By Connell Cowan Ph.D. and David Kipper M.D.
Whether you followed this election season with amusement or with horror, one question has probably crossed your mind. Why does Donald Trump do what he does; why does he say what he says?
As doctors who study brain chemistry and its influence on personality and decision-making, allow us to wade into this conundrum, on the eve of its probable disappearance from daily discourse. First, let’s take a step back. Do any of us have agency over the particular actions of our brains? Probably not as much as we might think or would like to have. The energy conscious human brain prefers not to deliberate because thinking deeply requires too many calculations and burns too many calories (yes, literally). So when deciding what to say or do we rely on habit, the way we are used to responding to a situation or idea. Nietzsche referred to free will as “a theologian’s artifice,” a concept cobbled together to permit us moral cover when we find it necessary to “judge and punish.” Sam Harris in his book Free Will believes conscious choice to be but a wishful fantasy. But you don’t have to go as far as Nietszche and Harris to believe that what comes out of Donald Trump’s mouth most of the time originates more from the area of his so-called gut than from an area known for fine reasoning. And you would be right. Trump’s gut is a prisoner of his neural habits and his words and deeds are dictated by his unique and inherited brain chemistry, by what might be referred to as his neurotype. Our brain chemistry is determined in our gut’s biome, the delicate bacterial balance passed on by our parents that, among other functions, even directs our immune response.
Of course we’ve long known the nervous system has two core branches, one responsible for activation and getting us going — sex, eating, doing, and the other branch that tamps down the stimulation and returns calm to the system. In the vernacular of neurochemistry, the engine side of the nervous system is comprised of a team of neurotransmitters and captained by Dopamine, while the braking side is captained by the neurotransmitter Serotonin. We all possess genetic imbalances within and between each of these systems. The stronger imbalance wins and determines how we cope with stress and modulate discomfort. During times of heightened stress, conscious intentionality falls prey to the default mode of unconscious strategies (habits) deployed by our brain chemistry. The greater the magnitude of the imbalance, the greater will be the sway and reliance on habit.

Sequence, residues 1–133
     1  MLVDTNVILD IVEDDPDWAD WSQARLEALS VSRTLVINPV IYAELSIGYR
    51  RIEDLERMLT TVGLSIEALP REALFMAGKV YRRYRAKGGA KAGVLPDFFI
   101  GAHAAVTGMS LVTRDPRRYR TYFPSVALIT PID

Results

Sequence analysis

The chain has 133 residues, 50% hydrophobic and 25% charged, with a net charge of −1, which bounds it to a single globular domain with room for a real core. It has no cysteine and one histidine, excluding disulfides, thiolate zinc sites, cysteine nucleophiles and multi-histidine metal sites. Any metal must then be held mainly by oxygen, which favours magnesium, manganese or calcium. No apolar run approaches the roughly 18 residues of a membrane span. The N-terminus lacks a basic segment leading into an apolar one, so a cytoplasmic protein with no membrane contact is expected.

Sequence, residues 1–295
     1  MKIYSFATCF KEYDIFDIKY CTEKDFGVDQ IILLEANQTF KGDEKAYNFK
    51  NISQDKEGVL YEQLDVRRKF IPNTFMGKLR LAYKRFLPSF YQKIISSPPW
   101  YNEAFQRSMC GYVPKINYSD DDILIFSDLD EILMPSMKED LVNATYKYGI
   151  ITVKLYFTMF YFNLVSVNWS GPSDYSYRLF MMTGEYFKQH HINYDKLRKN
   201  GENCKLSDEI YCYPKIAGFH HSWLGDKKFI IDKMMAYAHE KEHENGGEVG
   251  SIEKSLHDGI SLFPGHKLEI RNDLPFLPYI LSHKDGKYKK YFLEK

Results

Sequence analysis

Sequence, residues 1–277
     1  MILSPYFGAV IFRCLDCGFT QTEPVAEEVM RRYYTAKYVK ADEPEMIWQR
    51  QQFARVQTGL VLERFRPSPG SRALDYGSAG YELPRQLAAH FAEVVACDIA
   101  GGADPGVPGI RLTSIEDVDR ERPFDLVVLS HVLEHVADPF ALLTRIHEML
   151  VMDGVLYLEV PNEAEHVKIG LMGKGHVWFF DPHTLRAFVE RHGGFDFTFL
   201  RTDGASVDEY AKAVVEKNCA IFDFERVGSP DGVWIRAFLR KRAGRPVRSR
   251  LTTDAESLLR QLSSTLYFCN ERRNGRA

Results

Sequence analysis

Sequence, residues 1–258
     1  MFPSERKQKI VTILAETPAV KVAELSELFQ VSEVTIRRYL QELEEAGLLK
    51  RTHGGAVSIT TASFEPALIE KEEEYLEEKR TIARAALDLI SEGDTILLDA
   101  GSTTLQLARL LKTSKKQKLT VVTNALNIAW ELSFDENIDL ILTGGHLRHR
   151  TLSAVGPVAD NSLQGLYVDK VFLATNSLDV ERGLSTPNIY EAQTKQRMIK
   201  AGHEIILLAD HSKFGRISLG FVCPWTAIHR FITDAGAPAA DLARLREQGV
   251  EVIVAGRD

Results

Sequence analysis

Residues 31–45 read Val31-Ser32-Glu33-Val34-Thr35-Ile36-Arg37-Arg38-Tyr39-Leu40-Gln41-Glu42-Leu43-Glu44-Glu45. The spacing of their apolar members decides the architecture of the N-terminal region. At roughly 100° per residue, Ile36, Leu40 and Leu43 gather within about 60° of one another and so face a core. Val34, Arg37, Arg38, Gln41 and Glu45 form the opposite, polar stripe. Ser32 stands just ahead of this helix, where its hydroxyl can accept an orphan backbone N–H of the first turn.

Psychologists used to divide personalities into introverts and extroverts (terms created by Carl Jung), and, a little later, into types A and B (terms popularized by Meyer Friedman in his best-selling 1996 book). While useful in their day, these distinctions have all but lost their utility in part because our understanding of brain science now offers us a more nuanced way of recognizing and treating personality types, which we now divide into S-Types and D-Types.
S-Types tend to be reflective in nature, look to internal solutions and explanations for problems, hold in feelings of anger, and may be reserved and introverted. More inclined to say no than yes, they modulate discomfort by avoiding the possibility of punishment, are able to delay gratification, and are risk averse. Because they are more anxious, S-Types are flexible to change and ever vigilant to covering their backsides. Cautious, they think before they act, pay close attention to detail, but can get lost in minutia. Because they are often anxious, they are prone to such sexual dysfunctions as difficulty reaching orgasm, sustaining an erection, or premature ejaculation.
Their D-Type counterparts are more extraverted and expressive, look for external solutions and explanations to address issues, and let their anger out and indulge aggression. D-Types are highly motivated by the carrot of reward, are more impulsive and risk tolerant. They tend to react quickly and before they have all the facts and are relatively inattentive to detail, drawn to headlines rather than bullet points. D-Types can be rigid, look to the past to inform the future, and are resistant to change. Driven by the dopamine hit of release and reward, D-types are vulnerable to a variety of addictions, including gambling, food, and sex.